The 2008 global financial crisis is one of the deepest crises in modern history and deserves special attention because its causes, consequences, responses and lessons are still relevant to today’s financial situation. The crisis was the result of a series of events, each with its own trigger, culminating in the near-collapse of the banking system.

What you need to know about the recession

Simultaneous or synchronized recessions have occurred several times in the past four decades in advanced economies – the mid-1970s, early 1980s, early 1990s and early 2000s —  and because the US has strong connections with the trade and finance of many other economies, most of these recessions are synchronized with the recessions that happened in the United States.

While US recessions have slowed over time, the recent global crisis has reversed the trend. The latest episode was one of the longest and deepest recessions since the Great Depression of the 1930s. It led to a sharp rise in unemployment – and a marked decline in output, consumption and investment.

We cannot say for sure what the official definition of recession is, but it is generally accepted that the term refers to a decline in economic activity. Very short periods of decline are not considered recessions. A recession could also be identified as two consecutive quarters of decline in a country’s real (inflation-adjusted) gross domestic product (GDP) — the value of all goods and services produced in the country. While this definition is a useful rule of thumb, it also has drawbacks.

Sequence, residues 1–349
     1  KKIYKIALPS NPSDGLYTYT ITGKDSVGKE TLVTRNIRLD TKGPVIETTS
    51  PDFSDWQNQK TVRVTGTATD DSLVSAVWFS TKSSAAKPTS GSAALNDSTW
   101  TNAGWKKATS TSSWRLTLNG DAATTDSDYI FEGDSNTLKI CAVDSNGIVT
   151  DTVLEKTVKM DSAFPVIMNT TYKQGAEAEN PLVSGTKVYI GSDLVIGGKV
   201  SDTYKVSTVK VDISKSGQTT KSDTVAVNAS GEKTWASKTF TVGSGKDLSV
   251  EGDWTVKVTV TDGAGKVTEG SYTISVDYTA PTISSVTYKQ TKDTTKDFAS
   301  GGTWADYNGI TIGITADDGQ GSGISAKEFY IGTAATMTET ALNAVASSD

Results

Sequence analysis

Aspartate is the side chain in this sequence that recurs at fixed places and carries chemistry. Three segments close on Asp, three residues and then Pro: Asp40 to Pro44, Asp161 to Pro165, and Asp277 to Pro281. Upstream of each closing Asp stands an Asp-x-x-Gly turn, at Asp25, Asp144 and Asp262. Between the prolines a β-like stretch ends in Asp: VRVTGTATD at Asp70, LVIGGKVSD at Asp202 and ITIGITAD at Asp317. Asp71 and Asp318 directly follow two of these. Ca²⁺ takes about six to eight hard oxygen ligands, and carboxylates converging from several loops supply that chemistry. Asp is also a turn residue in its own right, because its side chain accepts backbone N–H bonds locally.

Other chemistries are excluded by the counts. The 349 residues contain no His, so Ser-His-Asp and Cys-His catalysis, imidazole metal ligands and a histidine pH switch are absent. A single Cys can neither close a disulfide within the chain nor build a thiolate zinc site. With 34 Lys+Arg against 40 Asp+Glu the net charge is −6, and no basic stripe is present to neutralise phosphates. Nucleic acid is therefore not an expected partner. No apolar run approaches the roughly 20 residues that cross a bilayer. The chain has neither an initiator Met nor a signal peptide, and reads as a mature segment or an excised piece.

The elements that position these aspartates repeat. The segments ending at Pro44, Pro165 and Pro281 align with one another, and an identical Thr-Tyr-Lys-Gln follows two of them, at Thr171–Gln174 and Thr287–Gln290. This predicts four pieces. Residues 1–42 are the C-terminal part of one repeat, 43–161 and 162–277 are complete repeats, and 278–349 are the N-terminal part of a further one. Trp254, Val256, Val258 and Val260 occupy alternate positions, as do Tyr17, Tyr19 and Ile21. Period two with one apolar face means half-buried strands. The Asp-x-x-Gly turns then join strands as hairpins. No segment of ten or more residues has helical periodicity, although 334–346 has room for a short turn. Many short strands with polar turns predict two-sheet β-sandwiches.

While the economy may show signs of weakening months before a recession begins, it usually takes time to determine if a country is in a true recession.

There are several reasons for the recession. Some are related to sudden changes in the prices of inputs used in the production of goods and services. For example, a sharp increase in the oil price can be the harbinger of a recession.

Other recessions, like the one that started in 2007, have been caused by problems in the financial markets. A sharp rise in asset prices and rapid credit growth often go hand in hand with a rapid build-up of debt. As businesses and households become overburdened and struggle to service their debts, they reduce investment and consumption, which in turn leads to lower economic activity.

So… should we expect a recession or a financial crisis in the near future?

The answer is never as simple as you might think. One thing is clear, however: the idea that a rapid rise in interest rates could threaten financial stability is not new. In recent months, economists have often commented that it is surprising that the Fed has been able to raise rates so far and so quickly without major disruptions in markets accustomed to low borrowing costs.

Still, other experts said it was troubling that such serious problems could go undetected for so long at Silicon Valley Bank, the medium-sized California bank whose bankruptcy sparked the latest turmoil. This raises questions about other threats lurking, perhaps in less regulated areas of the financial industry, such as real estate or private equity.